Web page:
Wednesday, September 03, 2008

Conventional Wisdom

I saw a lot of the Democratic convention, and some of the Republican convention so far, during my down time at work. The difference so far is pretty striking. The Democrats have finally, finally, got their act together and moved beyond the ineffective pushovers who so utterly failed during both the 2004 campaign and the last eight years of governing. In terms of policy, I don’t think Obama is particularly revolutionary, but what he’s able to do better than any politician in my lifetime is to speak in a way that makes you feel like he can make the world a different, better place. The right may try to take him down, but he’s got a bright power that will hopefully not be dimmed.

Obama’s speech was pretty riveting, a great critique of John McCain, and a positive vision of our country’s future. The essence of what he’s saying is we can be better than this. That’s a message that’s going to trouble people who are insecure, who don’t want to deal with the fact that they’re in a changing world, they won’t live the way their parents did. I see that as a good thing, not everyone does. What excites me about Obama’s leadership is not so much his specific policy, which was some room for improvement, it’s the way he can change the game, and redefine what the status quo is in politics.

Ironically, the Republicans are also ranting about the ‘establishment,’ ‘Washington’ and ‘politics as usual.’ Watching the convention is what it must be like watching This is Spinal Tap and not knowing if it’s for real or not. What they’re saying is so ridiculous, so patently false and ironic that it would be very easy to read the entire thing as an elaborate, oh so subtle gag. It starts with the party that has had total control over Washington for the past eight years saying that they’re going to go in and clean things up, not that Washington insider who’s beloved by the ‘liberal media,’ Barack Obama. I think the buildup to the Iraq War ended the myth of the liberal media, but apparently it lives on.

Fred Thompson also said “She is from a small town, with small town values, but that's not good enough for those folks who are attacking her and her family.” That they’re still going for the values thing after the pregnancy business is pretty bold, and totally disconnected from reality. But, the whole pregnancy thing is a sideshow, small town values might be fine for people in a small town, they’re not so good when it comes to running the entire world. I could care less if Sarah Palin’s daughter is pregnant, what I care about is that she thinks it’s acceptable to have guns in peoples’ homes, and that she actually goes hunting herself. If shooting things is a small town value, perhaps it’s best to stay with the ‘beltway elite.’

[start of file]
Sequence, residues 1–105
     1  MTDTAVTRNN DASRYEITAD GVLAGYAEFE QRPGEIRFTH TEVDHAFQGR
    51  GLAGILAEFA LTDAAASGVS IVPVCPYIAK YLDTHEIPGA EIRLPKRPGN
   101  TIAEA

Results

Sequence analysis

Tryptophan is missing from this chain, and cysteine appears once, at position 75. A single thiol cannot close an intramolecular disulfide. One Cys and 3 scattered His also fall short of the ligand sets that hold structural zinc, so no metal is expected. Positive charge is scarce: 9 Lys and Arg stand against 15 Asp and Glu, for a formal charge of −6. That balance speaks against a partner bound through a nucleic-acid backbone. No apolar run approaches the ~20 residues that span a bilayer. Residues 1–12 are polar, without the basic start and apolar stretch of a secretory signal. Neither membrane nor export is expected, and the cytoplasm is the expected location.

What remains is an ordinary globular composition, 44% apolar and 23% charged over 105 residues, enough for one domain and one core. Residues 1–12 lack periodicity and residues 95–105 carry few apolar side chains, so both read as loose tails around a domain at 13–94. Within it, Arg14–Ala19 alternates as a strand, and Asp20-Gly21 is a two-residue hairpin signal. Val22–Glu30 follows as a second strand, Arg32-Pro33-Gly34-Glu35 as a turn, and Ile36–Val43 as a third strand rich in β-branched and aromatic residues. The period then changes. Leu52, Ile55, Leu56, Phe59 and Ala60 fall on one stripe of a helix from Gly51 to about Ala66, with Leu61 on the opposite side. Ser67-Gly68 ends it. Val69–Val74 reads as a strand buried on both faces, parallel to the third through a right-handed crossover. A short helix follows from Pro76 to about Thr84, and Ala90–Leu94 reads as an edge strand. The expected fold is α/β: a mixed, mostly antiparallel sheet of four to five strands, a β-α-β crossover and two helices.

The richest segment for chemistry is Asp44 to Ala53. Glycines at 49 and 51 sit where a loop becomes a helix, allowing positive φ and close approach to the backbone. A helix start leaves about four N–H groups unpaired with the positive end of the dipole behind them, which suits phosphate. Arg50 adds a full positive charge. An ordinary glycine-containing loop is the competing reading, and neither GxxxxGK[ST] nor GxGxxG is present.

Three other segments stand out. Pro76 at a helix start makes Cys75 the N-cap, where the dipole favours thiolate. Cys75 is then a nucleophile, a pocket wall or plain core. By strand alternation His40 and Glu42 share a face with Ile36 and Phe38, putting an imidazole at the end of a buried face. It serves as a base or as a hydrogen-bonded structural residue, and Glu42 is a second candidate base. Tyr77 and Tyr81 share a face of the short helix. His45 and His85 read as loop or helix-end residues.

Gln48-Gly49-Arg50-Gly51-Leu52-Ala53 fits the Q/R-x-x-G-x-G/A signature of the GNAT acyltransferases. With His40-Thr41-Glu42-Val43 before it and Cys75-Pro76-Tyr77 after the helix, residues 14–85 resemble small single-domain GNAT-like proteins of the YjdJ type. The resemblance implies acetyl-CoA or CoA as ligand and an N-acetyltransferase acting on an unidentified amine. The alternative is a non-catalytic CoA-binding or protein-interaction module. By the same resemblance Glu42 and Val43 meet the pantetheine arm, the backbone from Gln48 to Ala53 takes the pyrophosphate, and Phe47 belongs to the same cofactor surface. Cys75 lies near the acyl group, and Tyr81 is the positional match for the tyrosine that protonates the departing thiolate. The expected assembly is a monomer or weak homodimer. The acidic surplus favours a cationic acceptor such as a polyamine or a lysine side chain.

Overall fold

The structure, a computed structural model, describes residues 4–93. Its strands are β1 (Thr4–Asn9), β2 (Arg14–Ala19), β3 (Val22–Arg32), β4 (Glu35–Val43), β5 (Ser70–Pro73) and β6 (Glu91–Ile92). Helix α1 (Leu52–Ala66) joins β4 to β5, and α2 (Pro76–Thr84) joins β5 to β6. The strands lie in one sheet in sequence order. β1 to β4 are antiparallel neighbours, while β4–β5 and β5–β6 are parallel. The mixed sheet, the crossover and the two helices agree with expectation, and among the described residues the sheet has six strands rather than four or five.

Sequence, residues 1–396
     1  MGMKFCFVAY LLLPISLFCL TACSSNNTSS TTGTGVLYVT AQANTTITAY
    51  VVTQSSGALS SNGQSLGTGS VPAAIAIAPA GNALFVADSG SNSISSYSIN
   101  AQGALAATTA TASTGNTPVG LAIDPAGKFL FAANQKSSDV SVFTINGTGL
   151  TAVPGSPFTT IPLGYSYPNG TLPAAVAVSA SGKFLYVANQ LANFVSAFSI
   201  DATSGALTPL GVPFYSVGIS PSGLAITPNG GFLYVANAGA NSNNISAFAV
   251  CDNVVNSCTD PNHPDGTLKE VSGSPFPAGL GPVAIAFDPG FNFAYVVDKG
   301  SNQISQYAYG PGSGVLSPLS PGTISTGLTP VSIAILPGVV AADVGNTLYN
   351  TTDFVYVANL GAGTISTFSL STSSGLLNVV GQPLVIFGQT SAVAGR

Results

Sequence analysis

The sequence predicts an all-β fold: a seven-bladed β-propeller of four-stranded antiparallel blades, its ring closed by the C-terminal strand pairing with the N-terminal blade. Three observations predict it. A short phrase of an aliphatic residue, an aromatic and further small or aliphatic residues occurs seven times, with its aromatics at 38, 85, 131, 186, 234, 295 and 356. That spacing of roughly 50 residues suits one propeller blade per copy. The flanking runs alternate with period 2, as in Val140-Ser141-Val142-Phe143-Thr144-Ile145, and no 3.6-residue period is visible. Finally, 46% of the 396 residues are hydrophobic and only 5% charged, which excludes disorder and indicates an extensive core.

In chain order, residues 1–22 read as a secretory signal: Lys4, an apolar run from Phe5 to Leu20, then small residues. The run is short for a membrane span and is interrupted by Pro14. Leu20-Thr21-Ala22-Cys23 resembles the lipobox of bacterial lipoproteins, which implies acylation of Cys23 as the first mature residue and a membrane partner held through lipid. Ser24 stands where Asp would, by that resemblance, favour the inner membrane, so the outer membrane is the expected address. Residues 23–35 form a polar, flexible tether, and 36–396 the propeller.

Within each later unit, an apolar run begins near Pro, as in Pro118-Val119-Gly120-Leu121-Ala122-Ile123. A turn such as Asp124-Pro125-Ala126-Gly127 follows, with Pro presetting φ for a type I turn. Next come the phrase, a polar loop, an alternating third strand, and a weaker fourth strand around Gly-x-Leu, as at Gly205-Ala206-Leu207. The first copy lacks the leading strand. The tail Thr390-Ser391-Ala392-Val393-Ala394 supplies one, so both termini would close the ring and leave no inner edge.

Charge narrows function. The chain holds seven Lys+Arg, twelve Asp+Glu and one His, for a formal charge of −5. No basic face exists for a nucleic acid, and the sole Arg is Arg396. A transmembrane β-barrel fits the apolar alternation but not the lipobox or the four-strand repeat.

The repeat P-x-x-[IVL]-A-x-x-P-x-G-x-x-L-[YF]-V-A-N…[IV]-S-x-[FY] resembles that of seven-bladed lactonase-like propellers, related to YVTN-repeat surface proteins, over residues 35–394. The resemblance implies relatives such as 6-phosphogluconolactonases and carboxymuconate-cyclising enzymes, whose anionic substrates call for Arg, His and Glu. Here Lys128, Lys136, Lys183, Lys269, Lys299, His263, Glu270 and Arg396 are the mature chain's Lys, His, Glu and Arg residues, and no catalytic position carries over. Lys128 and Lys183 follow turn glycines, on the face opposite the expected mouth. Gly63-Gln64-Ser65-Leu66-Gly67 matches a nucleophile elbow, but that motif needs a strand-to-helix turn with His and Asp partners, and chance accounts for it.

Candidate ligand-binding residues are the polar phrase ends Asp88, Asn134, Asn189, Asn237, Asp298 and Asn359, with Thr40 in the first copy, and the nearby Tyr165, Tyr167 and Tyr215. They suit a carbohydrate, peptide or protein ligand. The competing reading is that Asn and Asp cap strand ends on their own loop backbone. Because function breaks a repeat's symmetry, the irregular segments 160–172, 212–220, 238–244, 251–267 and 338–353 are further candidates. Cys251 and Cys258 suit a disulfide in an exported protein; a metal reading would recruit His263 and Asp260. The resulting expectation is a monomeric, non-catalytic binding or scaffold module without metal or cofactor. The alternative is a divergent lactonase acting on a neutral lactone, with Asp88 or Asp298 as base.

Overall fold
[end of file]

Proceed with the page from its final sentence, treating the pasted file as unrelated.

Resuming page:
An even better comedic performance was Joe Lieberman’s speech, though he perhaps pushed things a bit too far with his repeated references to Democrats’ inability to “reach across the aisle.” It absolutely baffles me that nobody is out right shooting down the Republican discussion of Democrats not being able to work with Republicans, and thinking more about party than country. Republicans have been able to do whatever they wanted with essentially no opposition for much of the past eight years. They gave away vast sums of money to the very few elite richest Americans through a restructuring of the tax code and an illegal invasion of Iraq. The Democrats just sat there and took it while Republicans tortured people in secret government sanctioned prisons. It’s horrifically ironic to watch Republicans cite John McCain’s five years in a Vietnamese prison as a qualification to be president, if so, we should look forward to a generation of Arab Americans running for the Republican party nomination in a few years. They all have the requisite ‘experience’ that McCain is so proud of.

Anyway, Republicans criticizing Democrats for not working with them is like the schoolyard bully complaining that the kid he’s beating up isn’t working an extra job to give him more lunch money. The Republican party right now is at the absolute extreme right wing, Democrats are roughly in the center, they are inherently compromising on virtually everything they are doing. Barack Obama’s voting record is one of the more liberal in the Senate, but looked at objectively, it’s far less partisan than the totally united block of Republican senators who will shoot down any Democratic initiative. Honestly, can’t somebody besides John Stewart and Bill Maher call these people out on the ridiculous things they’re saying?

The Joe Lieberman speech was a travesty. The John McCain Republicans speak of is not the man who’s there today, the man who said himself that he voted with George Bush ninety percent of the time. People talk about experience being an issue. This is my final statement on that. George Bush presented a case for war in Iraq that may or may not have been a deliberate lie. Either way, it turned out to be false. One candidate in the race saw that the case was not justified and voted against the war. One was swayed by false evidence and sent us to the one trillion dollar sinkhole we’re stuck in now. If that same evidence comes along again, I want the man who had the experience to make the right choice the first time. That one trillion dollars could have remade the entire world, and that’s nothing to mention the myriad lives extinguished by Bush’s illegal invasion. Obama may not be a perfect candidate, but he will at least try to lead us to a better world, and he’s the first politician in a while who has a legitimate chance of making it there.

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